Conquering the Canter

A year ago at Plantation, a week after I broke my leg and Jules Ennis got the ride. Photo by Holly Covey.

Recently got a good jump school in with a top trainer. He told me I should put some poles down after a jump or two in order to keep my drafty cross horse from deflating around my turns and losing impulsion.

So, I went home and set a pole 10 feet from a small 2’6″ vertical and another pole on the other side, 10 feet away. And set out to fix that cornering canter problem.

I started just deciding to make loops around the ring , to create a rhythm and keep it going. Jump the little set up on the long side, land, canter the corner, down the other long side, corner, and jump the little set up.

What a difference it makes when you pay attention to your canter all the way around the ring, let the horse find the rail, and just try to remain balanced and wait for the landing. My only job is to just safeguard that canter especially on landing.

My horse is very smart and figured out fast that there was not a stop involved in this exercise, and that he had to keep cantering around. Changing directions, I felt him settle into a canter almost by himself where he was motoring through the turn and keeping going when turned down the long side.

I tested the canter by adding an oxer on the other long side; the first two times down to it, I did not get perfect distances although the canter seemed alright. Then I experimented by creating a bit more energy and had a shorter distance than I wanted but the landing seemed better. Finally the fourth try was the best, and I quit while I was cemented in on that canter.

The reason we all like to event is we like to test ourselves, and we like to see how we do against others. So what’s wrong with practicing testing yourself at home? I wanted to see if I could really, REALLY keep the right canter in the turns without someone telling me.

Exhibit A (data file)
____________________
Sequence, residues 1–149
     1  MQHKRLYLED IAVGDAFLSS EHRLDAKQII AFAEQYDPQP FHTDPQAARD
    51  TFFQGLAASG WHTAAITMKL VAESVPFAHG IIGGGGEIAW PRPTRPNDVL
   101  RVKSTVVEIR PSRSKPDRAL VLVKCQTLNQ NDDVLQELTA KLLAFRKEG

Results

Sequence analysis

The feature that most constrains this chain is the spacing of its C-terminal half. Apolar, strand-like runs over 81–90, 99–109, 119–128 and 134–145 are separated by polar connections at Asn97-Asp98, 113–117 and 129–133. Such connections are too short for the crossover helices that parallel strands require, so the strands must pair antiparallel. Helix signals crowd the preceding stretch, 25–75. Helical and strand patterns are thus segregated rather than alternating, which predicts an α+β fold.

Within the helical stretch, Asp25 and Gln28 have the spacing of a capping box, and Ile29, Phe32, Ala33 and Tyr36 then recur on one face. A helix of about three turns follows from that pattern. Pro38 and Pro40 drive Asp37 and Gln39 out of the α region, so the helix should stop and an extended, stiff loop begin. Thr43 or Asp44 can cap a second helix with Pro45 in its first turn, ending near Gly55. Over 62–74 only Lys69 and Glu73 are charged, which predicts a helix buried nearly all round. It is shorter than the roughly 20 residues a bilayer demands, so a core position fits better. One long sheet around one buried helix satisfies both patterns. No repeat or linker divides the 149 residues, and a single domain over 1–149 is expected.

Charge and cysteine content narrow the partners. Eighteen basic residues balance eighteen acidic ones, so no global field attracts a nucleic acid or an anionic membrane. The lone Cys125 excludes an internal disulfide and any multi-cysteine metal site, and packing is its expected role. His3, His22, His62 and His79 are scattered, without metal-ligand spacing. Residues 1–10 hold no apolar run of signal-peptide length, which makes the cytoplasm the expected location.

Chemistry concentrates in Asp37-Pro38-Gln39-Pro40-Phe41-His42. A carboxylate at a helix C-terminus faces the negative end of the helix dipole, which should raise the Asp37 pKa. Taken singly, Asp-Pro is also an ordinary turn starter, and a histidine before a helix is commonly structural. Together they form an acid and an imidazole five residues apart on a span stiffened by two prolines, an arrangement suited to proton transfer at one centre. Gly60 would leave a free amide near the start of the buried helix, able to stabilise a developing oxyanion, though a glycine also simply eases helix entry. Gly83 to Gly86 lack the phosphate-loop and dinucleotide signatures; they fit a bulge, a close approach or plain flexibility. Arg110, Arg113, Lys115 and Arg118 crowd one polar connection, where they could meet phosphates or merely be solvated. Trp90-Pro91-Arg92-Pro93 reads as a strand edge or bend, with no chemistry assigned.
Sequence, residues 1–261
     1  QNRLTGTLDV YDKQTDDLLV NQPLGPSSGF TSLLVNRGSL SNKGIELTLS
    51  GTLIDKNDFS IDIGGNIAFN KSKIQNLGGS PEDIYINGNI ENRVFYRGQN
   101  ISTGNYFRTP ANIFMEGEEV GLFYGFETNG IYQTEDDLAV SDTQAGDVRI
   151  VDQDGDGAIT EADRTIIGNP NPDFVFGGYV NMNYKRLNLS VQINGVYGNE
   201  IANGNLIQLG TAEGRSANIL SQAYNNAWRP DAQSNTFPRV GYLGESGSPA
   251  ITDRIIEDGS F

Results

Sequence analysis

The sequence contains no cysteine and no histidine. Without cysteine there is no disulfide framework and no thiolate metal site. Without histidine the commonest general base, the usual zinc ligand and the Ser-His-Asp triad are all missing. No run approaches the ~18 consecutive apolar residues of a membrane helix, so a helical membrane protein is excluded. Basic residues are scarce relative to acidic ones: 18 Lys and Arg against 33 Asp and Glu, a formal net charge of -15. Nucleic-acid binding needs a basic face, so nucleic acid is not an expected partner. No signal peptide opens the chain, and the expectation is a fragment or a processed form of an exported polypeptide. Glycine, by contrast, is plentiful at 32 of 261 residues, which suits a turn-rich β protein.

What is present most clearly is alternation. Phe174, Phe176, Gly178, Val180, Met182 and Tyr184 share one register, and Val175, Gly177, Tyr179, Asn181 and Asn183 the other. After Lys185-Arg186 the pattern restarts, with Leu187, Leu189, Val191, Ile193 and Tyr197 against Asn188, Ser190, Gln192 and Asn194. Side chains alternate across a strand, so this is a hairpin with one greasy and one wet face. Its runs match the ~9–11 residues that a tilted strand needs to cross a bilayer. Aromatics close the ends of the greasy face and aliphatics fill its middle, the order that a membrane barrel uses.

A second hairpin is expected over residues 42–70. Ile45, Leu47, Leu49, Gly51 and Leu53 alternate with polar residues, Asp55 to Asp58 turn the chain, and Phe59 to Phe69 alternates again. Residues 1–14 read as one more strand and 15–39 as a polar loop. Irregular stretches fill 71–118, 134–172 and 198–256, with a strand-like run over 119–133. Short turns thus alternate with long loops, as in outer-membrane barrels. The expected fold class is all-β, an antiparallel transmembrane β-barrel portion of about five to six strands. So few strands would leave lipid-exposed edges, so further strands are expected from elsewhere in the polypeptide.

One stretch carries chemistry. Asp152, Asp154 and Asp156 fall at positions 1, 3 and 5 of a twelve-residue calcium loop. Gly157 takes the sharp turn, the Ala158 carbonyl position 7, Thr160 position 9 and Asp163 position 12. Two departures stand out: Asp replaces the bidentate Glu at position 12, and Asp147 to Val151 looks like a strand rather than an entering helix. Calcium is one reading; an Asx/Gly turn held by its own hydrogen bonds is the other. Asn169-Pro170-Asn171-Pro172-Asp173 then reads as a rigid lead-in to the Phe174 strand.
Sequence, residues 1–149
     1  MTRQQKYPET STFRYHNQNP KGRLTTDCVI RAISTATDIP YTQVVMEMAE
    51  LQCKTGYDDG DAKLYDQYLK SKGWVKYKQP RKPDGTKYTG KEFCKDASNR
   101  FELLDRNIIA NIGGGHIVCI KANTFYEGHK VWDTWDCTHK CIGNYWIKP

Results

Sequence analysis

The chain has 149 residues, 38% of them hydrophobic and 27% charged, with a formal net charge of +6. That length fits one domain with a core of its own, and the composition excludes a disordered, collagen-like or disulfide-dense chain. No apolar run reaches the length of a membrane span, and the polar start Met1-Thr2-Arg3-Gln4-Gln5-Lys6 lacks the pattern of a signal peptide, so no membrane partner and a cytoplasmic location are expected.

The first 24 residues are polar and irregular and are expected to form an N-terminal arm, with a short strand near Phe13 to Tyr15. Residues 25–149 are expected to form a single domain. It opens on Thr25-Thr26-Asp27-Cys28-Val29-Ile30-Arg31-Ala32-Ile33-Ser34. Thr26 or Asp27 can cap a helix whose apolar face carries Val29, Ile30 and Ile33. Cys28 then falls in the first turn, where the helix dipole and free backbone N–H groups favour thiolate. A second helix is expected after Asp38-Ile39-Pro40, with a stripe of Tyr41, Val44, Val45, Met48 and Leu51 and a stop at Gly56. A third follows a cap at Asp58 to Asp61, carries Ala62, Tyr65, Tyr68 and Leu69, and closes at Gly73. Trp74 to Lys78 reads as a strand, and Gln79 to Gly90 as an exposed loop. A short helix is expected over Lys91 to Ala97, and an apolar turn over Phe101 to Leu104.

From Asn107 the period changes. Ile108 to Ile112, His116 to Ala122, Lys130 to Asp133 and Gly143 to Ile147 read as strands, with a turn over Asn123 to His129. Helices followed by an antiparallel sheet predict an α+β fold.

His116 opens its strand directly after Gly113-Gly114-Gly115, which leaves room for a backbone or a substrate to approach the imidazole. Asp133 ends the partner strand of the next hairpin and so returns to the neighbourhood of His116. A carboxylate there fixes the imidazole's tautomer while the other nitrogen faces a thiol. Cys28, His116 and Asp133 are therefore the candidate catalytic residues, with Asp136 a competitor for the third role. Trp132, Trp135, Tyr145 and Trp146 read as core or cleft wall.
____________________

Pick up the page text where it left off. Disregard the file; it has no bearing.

I also like to set up things that have 12-foot distances or broken lines to see how they ride and what I can do to make the distance work. Do you watch videos and read “What’s In Your Ring,” and pour over the gymnastics advice that the top professionals publish here and there? I sure do. I go home and I set it up all about 2 feet high and walk it, and see what it feels like, and then I’ll ride it and see whether I can handle it or not.

In this way I have slowly but steadily brought my eye back in and gotten my nerve slowly working itself back into my schooling on a regular basis. It’s been one year since I broke my knee — a long, arduous process, not just to fix my leg but also my confidence.

Test yourself, keep testing, keep trying. It’s a slow process but it’s working. At first, I was so bad and so weak, I thought I should really quit this; now I’m still feeling weak but a bit more confident now. I’ve actually entered an event and I hope I am ready for the test! I’ll give everyone a progress report in about a week.

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